NDP 118/103
      Lib 46/34
      Grn 1/1

      The NDP and Liberals would have 53% of the seats off of 50% of the vote. The Cons 46% of the seats off of 40% of the vote (as opposed to the 55% they got under FPTP.)

      G&M: How would Harper fare in a French-style run-off election?
      http://www.theglobeandmail.com/news/politics/how-would-harper-fare-in-a-french-style-run-off-election/article2424783/

      • Losers often want to change the rules of the game.

        • Democracy is not a game. It’s about carrying out the will of the people. That can only be accomplished if government represent a majority of voters, not an arbitrary minority. That’s why almost all developed countries have modernized their voting systems.

          There’s absolutely no reason why voters should get saddled with politicians and governments they don’t want and didn’t vote for.

          • I guess you must have been marching in the streets in outrage, when Glenn Clark won that BC provincial election despite losing the popular vote.
            Oh wait, that’s right, you weren’t. Because your team won.

          • You don’t actually know for sure how Ron felt about that Glen Clark win, do you?

            I can tell you that personally I feel embarrassed when a party that I’ve voted for gets a majority without receiving majority support.

          • I don’t want any team to win. I want a majority of voters to be represented in government. That way if we get really bad government (like the Harper Government,) then voters only have themselves to blame.

        • FPTP is like a crutch. At some point we all have to stand on our own two feet, and let our ideas succeed or fail on their own merits. PR supporters are ready.

      • How could you possibly calculate the IRV results for the 2011 election?

        Our way of marking ballots, by making a single choice, doesn’t provide enough information of each voter’s preference to calculate an Instant Runoff Vote.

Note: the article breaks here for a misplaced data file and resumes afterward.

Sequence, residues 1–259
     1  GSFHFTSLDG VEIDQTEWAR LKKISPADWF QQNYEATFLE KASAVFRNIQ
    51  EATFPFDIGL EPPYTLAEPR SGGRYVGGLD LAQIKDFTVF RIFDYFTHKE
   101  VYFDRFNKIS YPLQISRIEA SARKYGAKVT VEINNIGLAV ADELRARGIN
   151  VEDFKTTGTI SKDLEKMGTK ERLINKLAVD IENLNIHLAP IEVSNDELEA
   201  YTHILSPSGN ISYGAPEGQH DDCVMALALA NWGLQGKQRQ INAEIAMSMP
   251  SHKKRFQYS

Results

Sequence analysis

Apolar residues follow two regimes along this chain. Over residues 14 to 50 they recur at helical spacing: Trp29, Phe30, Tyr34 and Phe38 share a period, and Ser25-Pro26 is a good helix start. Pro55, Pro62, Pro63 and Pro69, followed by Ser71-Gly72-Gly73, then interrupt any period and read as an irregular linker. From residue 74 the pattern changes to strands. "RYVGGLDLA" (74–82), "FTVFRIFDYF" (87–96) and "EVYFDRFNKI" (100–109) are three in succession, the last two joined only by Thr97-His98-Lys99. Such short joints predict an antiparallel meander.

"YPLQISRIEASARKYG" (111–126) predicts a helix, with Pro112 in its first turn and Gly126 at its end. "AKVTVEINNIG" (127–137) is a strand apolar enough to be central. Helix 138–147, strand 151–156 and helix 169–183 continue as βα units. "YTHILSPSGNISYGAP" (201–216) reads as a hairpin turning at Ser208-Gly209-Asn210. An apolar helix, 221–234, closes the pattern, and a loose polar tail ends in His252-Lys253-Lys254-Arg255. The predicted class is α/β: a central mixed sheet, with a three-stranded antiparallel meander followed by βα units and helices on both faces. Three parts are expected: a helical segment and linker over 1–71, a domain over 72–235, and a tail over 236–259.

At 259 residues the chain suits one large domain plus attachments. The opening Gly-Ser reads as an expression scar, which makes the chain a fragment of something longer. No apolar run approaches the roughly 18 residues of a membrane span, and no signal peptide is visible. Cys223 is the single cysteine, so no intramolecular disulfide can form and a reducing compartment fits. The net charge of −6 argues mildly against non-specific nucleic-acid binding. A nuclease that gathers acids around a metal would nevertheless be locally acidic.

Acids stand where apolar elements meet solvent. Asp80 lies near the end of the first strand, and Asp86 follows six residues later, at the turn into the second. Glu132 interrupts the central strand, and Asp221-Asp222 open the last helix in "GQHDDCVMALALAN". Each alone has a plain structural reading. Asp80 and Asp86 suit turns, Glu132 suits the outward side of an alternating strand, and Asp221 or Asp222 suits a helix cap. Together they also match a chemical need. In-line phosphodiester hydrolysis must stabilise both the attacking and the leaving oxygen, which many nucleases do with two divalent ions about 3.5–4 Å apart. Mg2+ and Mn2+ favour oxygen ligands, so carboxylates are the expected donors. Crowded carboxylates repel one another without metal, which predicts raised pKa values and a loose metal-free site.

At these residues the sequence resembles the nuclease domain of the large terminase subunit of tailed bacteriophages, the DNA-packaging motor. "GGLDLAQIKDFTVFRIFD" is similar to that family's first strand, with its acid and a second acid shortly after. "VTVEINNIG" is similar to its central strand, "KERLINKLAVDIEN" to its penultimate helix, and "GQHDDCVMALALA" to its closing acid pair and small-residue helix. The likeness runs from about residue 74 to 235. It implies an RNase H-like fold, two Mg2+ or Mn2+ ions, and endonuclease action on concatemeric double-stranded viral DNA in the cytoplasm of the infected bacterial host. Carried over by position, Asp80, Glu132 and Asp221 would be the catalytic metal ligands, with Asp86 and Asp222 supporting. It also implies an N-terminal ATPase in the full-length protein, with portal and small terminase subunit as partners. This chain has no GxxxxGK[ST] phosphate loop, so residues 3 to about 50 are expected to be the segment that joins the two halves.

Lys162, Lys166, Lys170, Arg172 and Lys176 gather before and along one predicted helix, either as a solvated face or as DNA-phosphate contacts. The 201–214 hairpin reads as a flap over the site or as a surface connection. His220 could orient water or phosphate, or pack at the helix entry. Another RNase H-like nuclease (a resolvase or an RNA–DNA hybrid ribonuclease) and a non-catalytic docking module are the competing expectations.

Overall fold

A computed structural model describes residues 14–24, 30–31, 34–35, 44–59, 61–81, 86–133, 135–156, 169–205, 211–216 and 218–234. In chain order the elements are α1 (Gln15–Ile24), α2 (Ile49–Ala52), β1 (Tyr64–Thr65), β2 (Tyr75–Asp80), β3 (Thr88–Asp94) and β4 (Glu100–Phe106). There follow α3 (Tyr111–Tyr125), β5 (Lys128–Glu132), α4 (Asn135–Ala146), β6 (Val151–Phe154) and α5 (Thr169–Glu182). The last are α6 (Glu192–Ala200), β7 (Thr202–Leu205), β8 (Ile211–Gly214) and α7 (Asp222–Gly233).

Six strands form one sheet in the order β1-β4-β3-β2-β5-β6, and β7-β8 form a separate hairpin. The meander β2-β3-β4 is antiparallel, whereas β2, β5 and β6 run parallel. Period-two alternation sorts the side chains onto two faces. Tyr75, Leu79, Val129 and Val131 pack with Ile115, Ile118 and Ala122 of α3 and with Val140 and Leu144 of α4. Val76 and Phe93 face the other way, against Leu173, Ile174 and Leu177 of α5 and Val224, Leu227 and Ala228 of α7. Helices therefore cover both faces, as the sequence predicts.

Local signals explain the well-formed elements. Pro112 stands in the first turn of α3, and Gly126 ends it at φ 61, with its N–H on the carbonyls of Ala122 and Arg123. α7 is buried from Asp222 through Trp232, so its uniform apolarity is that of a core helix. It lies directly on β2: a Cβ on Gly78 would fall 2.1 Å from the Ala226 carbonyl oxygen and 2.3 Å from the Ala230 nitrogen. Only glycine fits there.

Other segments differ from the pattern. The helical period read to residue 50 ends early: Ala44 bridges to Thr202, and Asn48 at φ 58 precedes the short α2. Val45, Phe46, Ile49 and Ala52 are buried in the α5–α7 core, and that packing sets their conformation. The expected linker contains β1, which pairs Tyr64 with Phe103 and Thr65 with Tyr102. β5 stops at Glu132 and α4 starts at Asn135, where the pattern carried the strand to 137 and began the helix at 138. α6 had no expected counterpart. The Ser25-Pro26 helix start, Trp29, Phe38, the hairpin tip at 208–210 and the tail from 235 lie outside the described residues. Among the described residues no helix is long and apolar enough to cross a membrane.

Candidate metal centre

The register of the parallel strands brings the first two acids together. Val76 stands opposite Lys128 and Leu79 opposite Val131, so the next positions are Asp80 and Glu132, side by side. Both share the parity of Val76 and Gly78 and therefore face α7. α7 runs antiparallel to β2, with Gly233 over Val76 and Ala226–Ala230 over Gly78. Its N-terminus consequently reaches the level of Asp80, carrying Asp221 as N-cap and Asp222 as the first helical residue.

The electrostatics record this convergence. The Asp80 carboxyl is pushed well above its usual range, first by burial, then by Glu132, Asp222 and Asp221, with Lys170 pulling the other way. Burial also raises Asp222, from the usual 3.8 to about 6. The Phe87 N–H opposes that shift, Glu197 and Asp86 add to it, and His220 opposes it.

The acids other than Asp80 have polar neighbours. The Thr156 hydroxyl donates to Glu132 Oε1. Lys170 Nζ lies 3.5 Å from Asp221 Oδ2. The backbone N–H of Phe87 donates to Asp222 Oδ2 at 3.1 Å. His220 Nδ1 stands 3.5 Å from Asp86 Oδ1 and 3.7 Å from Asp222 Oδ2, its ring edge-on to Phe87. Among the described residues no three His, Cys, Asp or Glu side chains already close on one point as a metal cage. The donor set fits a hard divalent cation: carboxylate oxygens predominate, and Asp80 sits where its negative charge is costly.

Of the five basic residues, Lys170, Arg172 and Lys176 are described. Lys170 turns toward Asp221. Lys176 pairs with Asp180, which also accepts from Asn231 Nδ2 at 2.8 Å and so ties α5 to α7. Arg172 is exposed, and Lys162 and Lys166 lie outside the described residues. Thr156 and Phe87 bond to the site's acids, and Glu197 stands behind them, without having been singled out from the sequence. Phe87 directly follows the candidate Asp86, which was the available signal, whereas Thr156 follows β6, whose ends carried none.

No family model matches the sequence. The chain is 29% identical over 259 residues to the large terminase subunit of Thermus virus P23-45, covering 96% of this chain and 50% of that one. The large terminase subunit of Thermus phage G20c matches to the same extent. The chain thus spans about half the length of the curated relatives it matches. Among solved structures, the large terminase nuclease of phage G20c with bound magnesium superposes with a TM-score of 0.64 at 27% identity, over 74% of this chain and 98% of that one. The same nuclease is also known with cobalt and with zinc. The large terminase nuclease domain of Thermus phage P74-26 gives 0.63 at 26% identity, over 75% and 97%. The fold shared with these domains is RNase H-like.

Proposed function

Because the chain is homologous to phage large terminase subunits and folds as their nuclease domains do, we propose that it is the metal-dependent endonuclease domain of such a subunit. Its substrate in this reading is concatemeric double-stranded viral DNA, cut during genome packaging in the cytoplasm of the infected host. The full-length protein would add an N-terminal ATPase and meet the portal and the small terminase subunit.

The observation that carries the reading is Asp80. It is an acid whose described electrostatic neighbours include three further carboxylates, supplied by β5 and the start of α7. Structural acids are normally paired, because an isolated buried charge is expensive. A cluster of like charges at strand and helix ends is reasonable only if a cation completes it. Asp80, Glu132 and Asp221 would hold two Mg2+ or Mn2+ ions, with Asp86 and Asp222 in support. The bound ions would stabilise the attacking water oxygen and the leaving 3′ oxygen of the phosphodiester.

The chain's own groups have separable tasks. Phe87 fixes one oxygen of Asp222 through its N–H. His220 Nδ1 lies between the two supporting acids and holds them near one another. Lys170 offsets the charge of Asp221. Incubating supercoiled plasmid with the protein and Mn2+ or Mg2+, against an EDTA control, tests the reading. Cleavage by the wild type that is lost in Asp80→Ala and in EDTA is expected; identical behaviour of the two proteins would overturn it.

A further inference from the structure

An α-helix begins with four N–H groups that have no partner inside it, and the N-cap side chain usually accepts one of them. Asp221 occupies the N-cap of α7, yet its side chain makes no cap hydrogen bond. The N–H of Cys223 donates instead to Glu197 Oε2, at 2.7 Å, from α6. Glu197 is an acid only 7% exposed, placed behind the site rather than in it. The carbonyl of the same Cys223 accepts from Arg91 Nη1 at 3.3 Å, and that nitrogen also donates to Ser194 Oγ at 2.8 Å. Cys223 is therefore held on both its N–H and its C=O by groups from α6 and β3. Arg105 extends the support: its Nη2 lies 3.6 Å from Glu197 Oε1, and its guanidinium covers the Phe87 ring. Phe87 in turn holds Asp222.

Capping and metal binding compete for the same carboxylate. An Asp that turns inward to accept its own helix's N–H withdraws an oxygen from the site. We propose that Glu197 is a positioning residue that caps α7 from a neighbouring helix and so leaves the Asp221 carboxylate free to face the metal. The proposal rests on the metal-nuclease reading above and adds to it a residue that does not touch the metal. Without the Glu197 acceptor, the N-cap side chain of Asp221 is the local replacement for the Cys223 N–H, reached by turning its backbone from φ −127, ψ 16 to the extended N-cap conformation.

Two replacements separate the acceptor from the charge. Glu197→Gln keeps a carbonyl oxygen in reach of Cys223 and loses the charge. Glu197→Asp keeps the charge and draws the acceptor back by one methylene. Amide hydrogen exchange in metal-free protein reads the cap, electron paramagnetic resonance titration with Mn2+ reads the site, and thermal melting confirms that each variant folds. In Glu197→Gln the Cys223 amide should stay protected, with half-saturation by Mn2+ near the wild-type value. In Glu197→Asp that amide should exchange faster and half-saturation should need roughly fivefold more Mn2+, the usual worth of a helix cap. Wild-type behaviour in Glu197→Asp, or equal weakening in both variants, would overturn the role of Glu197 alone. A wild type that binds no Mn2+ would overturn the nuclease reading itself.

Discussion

• The G&M article indicates that the projected seat counts are based on second choice polling – so indeed those numbers are not “carved in stone”, but they also are not WAGs.

  10. I’ve been in favour of some such arrangement [until now...maybe??] Those are some great unnitended consequences issues raised by Aaron and others. Progressives [and others] need to think this all the way through. Do the counter factuals; think about what the almost predictable Harper response will be.Three cheers for Coyne for backing this though. It’s a great idea and idealistic, but is it workable?

    One possible upside from trying to sell such a proposal as the Murray/Cullen/Coyne one might be… what if it actually caught the public’s imagination? That might make simply running against it Harper style ie., lowball, an extremely fraught political proposition?

    • A Forum Research poll October 27, 2012 showed 70% of decided voters approved of proportional representation

      • That’s good news.

  11. It could just as easily be argued that the current system is the best system for Canada. Since we are considering federal elections here, Canada’s geographic reality must be taken into account.
    And our current system does. Under our current system, political parties must have a federal outlook in order to be successful at the polling station. Federal political parties therefore must, at all times, keep in mind the workings of this two-way street, namely that the regions feed into the federal party policy and that the federal party policy must be sell-able to the regional levels in turn.

    And so, come federal election day, each and every region (the constituencies) vote as if it were a small Canada in its own right, each constituency verifying that the regional-federal balance has been met.

    Each constituency is therefore not concerned with the overall outcome of the federal election, or with percentage of votes begotten over the whole of the federation, but is concerned that the regional needs are being met by one particular political representation over another. The sum of all those ‘small Canadas’ will then form the make-up of our federal government. Pretty democratic, I would say.

    • So, as a result of this arrangement, we’ve ended up with Liberal governments in which Alberta has had little regional representation and (currently) a Con government in which Quebec has little representation. In fact, in recent decades, it’s hard to argue that any party has had an indisputably national mandate, with solid support in all regions of the country.

      I, for one, don’t find such outcomes optimal.

      • Yet,…. it is true that at any given time of such electoral results (majority government), one political party over another did get the most constituency wins. So, seen over the entire country, most constituencies voted for that federal party which they thought reflected the balance of region/federal outlook the best.

        Any federal party must always keep the region/federal aspect in mind. And the party which can do so best will most likely win over the most constituencies.